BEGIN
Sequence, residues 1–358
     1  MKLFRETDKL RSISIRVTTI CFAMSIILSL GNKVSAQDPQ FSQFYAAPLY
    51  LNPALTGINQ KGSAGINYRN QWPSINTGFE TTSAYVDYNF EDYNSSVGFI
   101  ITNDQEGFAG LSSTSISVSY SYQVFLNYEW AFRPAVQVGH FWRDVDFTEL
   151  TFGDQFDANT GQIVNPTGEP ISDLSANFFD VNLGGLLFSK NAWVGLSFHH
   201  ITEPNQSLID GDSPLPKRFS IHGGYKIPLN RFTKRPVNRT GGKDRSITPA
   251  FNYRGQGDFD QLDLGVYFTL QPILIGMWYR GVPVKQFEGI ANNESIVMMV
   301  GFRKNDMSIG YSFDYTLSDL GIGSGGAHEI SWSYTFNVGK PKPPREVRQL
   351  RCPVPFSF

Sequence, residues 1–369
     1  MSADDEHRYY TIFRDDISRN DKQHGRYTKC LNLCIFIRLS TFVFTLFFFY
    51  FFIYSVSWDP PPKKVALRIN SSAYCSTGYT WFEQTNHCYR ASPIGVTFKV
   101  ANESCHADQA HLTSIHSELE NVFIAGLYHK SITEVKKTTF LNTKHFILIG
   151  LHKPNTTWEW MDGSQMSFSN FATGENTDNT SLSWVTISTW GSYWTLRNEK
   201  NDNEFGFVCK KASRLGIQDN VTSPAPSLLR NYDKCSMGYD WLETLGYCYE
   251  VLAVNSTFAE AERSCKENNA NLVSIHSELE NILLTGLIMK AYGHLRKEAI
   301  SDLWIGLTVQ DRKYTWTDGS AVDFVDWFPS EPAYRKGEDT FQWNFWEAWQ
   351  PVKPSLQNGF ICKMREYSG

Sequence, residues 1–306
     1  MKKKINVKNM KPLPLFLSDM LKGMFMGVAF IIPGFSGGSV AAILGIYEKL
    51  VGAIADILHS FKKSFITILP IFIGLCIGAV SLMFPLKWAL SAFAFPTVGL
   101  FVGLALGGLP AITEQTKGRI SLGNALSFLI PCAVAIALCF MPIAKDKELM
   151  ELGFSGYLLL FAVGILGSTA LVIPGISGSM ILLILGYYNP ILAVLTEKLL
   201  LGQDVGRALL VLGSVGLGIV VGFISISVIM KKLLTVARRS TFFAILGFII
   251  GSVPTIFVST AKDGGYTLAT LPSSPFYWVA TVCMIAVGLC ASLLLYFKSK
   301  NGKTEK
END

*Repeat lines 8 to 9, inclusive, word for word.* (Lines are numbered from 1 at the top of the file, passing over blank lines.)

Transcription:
   301  GFRKNDMSIG YSFDYTLSDL GIGSGGAHEI SWSYTFNVGK PKPPREVRQL
   351  RCPVPFSF